“Now, I considered it necessary to send to you Epaphroditus, my brother, fellow worker, and comrade in arms — also your apostle and a minister to my needs — for he was longing and anxious to be with you because you heard that he was seriously ill.”
We are introduced to Epaphroditus; we don’t know much about him apart from what we read here, yet from that we can infer that Epaphroditus was the representative of the Philippian church who brought the love gift and stayed on for a season to help care for Paul. We also see that he had become ill — seriously ill — during that time, and Paul speaks further on that in the verses which follow.
What strikes me is the term that Paul uses to describe Epaphroditus…he is called an “apostle.” Some of our translations use the term “messenger” here, but that isn’t entirely accurate. Were Epaphroditus simply a messenger, we might expect Paul to use the term a¡ggeloß (angelos) or were he more of a courier, we might expect the term specoula/twr (spechoulator). Yet, in ancient times, an apostle was more than just one who brings a message on behalf of others; an apostle also carried with him the authority of the one who sent him — much like the modern notion of a political envoy.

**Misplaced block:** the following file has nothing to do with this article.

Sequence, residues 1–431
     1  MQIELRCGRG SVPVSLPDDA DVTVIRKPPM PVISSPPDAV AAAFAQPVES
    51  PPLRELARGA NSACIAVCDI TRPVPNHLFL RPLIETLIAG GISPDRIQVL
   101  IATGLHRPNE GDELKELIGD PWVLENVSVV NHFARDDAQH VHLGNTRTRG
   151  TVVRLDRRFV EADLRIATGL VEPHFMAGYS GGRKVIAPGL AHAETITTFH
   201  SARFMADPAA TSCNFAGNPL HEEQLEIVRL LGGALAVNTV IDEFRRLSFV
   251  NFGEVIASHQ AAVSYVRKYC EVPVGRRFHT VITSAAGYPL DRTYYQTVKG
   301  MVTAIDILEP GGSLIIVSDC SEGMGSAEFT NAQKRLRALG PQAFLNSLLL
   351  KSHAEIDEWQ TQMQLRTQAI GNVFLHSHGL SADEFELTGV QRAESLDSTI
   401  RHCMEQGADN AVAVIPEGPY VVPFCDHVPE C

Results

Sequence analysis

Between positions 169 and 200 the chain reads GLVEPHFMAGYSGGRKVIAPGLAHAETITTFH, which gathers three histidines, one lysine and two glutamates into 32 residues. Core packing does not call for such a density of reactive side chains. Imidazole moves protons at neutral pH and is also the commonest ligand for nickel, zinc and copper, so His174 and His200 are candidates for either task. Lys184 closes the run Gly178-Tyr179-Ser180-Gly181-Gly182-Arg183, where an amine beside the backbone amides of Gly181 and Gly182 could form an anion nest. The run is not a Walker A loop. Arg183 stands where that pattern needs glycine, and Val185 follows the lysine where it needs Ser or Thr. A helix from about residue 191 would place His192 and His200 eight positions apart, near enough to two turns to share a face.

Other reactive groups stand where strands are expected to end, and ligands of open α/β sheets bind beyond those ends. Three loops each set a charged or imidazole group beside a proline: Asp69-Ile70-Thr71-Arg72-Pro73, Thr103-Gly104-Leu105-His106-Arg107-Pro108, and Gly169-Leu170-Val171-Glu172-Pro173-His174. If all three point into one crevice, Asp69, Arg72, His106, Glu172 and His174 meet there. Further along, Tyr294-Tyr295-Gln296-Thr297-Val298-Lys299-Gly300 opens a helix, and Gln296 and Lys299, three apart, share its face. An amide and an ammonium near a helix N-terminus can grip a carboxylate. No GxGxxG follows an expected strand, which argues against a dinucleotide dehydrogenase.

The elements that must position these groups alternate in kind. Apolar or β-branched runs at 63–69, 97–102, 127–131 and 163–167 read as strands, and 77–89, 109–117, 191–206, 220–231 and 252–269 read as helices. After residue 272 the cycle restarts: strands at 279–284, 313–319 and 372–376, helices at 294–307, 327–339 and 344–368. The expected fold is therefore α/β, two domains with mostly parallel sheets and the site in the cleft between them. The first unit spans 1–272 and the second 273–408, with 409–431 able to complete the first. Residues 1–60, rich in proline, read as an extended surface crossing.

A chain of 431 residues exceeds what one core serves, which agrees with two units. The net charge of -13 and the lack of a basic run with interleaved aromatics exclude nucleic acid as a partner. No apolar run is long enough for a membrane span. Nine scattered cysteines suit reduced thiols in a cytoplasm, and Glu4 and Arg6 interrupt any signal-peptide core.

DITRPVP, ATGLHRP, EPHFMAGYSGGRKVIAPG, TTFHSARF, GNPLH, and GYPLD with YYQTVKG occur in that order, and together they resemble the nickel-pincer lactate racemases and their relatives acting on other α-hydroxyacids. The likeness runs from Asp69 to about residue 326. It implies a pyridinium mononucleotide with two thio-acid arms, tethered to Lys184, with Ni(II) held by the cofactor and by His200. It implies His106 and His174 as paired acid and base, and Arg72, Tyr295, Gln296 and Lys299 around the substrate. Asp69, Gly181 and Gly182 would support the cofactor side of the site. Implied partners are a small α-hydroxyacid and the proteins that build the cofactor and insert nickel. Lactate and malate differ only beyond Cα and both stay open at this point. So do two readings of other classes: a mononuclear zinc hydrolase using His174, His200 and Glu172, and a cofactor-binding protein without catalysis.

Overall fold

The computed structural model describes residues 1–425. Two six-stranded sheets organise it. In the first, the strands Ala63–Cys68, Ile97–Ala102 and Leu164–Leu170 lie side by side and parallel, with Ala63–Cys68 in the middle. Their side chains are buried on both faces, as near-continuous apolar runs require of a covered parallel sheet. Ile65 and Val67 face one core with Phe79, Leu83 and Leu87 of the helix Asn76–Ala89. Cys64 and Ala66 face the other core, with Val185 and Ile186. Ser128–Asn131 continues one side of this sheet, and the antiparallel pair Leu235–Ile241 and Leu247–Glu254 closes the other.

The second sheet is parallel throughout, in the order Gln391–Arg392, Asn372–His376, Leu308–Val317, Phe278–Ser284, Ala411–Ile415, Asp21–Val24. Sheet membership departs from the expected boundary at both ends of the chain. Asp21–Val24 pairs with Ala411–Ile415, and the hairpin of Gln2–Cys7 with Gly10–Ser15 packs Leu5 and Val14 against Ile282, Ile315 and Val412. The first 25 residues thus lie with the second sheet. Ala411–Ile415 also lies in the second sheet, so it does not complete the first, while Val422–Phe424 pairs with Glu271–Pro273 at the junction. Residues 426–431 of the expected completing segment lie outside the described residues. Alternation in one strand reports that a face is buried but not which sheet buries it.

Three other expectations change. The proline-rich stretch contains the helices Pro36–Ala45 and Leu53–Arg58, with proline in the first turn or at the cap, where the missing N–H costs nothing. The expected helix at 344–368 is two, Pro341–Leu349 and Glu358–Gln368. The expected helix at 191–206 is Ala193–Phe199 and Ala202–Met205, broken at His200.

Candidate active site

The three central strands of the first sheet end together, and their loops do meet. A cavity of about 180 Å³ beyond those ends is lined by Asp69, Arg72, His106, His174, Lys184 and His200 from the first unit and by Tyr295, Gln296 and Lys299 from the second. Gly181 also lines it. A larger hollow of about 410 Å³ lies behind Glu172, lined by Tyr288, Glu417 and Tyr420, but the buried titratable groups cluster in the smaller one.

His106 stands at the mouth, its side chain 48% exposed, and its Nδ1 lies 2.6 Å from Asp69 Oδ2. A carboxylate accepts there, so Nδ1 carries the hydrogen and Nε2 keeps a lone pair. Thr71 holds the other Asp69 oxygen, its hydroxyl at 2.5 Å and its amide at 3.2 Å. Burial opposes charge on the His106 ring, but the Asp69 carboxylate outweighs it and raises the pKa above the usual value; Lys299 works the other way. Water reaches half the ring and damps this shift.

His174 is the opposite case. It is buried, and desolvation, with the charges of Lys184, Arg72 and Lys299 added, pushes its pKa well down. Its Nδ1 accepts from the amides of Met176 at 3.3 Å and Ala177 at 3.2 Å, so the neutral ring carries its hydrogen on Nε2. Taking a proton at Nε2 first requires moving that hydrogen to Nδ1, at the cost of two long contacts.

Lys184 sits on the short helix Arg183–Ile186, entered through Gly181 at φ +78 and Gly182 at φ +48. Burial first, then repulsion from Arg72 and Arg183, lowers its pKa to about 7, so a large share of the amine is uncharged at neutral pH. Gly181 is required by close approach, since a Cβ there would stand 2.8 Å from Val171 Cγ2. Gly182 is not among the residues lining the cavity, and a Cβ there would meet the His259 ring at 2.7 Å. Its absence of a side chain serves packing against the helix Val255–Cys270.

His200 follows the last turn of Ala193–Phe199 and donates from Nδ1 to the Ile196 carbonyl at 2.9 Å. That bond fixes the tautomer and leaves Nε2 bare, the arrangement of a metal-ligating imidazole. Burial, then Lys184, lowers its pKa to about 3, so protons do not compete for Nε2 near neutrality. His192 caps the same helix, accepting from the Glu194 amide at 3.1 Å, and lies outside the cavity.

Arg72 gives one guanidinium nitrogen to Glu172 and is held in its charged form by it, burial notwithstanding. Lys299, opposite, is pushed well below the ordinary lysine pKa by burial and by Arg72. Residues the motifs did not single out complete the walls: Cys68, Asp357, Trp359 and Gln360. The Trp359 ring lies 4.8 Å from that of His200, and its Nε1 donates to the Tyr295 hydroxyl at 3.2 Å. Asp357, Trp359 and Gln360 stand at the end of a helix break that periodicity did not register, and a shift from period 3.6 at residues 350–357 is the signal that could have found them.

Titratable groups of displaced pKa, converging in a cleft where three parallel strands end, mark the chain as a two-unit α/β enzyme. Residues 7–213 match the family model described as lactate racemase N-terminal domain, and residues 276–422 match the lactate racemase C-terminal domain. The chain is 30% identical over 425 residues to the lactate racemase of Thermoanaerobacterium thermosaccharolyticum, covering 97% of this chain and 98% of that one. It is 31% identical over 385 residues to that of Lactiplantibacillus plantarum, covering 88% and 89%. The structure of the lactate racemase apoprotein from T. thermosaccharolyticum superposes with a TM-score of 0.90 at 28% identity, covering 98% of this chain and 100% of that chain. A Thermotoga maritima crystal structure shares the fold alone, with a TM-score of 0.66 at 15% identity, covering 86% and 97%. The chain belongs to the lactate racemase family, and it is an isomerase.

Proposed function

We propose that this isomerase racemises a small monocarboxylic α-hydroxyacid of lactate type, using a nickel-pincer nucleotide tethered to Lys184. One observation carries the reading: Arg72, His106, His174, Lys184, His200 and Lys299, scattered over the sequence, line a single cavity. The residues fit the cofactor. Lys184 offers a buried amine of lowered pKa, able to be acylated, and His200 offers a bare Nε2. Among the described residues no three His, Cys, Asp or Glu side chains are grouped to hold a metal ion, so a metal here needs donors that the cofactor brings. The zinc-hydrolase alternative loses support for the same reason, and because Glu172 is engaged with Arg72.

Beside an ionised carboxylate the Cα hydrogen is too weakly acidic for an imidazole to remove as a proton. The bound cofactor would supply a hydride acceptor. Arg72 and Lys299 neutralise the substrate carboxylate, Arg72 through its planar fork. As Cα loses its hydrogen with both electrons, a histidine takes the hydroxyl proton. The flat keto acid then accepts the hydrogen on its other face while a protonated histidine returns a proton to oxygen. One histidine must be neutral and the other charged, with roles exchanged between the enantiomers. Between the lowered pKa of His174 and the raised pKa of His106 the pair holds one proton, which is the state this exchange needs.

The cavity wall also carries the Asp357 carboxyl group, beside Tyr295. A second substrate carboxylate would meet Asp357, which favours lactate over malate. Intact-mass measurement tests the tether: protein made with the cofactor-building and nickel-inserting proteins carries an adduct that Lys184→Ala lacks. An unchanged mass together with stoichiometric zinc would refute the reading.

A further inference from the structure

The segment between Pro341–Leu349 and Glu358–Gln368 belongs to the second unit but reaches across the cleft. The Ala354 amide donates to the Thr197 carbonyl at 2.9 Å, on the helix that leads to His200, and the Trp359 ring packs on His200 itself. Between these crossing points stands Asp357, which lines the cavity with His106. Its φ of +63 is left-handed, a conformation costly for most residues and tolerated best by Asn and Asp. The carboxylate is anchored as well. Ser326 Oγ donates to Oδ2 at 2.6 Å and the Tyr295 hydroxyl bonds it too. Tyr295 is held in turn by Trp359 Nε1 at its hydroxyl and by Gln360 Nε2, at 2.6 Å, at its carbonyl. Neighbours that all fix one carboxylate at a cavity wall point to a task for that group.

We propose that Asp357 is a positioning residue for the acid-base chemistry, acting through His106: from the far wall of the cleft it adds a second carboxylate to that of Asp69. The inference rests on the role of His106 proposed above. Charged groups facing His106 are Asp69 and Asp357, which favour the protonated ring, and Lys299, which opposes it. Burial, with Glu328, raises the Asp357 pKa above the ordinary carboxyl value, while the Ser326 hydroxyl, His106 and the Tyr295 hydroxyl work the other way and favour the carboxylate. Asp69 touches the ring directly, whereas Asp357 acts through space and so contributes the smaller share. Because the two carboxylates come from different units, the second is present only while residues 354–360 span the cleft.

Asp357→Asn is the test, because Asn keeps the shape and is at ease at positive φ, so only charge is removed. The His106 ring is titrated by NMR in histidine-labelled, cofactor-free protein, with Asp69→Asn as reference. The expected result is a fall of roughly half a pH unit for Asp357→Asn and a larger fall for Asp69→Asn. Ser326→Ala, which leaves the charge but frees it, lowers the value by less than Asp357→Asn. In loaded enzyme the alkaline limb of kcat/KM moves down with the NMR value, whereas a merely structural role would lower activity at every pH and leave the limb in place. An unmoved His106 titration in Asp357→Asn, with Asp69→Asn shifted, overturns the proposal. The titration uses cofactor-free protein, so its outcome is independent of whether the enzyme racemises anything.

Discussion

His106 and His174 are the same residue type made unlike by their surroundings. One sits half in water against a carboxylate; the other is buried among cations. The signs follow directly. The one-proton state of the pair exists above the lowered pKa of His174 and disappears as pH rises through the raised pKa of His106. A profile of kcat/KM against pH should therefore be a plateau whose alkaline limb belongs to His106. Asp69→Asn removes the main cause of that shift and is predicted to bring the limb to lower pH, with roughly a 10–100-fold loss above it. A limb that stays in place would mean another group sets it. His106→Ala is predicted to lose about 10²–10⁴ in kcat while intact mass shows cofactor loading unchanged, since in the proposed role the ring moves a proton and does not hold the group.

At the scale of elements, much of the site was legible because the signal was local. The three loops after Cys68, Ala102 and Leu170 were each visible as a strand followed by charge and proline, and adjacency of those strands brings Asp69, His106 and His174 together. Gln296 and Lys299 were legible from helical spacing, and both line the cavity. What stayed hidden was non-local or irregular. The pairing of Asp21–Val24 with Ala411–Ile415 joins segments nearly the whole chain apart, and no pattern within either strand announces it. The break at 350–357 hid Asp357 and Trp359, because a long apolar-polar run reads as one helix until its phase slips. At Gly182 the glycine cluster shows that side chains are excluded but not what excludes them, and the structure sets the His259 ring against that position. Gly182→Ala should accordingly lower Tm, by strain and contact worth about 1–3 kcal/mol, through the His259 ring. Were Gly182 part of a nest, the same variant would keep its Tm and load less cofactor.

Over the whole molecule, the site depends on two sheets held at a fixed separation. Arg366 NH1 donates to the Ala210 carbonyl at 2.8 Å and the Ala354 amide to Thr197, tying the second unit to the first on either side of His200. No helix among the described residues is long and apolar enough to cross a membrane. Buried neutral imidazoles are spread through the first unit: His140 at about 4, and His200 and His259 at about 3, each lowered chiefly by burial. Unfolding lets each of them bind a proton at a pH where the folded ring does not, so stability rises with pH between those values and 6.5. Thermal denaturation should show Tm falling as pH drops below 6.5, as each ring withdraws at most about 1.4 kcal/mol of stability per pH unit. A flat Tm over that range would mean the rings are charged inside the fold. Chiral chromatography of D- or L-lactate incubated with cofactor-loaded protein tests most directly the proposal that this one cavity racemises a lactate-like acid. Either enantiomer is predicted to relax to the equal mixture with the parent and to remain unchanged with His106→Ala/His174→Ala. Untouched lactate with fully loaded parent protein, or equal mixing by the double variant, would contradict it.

The question is, are we then to understand Epaphroditus as an apostle in the same way that Paul was an apostle. The answer to that question is, ‘no.’ The reason for this answer is because we must also ask of whom a person is an apostolic representative. Paul refers to himself as an Apostle of Jesus Christ (1 Corinthians 1:1; 2 Corinthians 1:1; Ephesians 1:1, etc…). In turn, Paul refers to Epaphroditus as “your apostle.” Thus, Epaphroditus is serving as an apostle, an authoritative representative, of the church in Philippi. In addition, Epaphroditus is also a believer, a servant of Christ, which makes him Paul’s brother in Christ and a comrade in arms — spiritual soldiers against the powers and principalities of this world.
What is worth noting is that while some people call themselves “Apostles” in our modern times, that office has ceased with the establishment of the church and the close of the Canon. None of these so-called apostles speak with the authority of Jesus Christ and if they claim to, we must be wary. Indeed, they might claim to be apostles of their church if that authority is so given to them, but the Biblical term for those of us who lead churches is that of Shepherd — Pastor. And a Pastor is a servant first…terms like Apostle (at least when used today) only tend to reflect a person’s ego. Better to be called a fellow-worker.
Notice too, how important these people are to Paul. When one is incarcerated, to have contact with others is a gift of God’s grace. I would encourage you that if you know someone who is in prison — write them a letter today or make a plan to go visit them. Be that Epaphroditus to them; it will mean the world to them as they serve their time behind bars…and what a wonderful opportunity to witness the grace of Christ.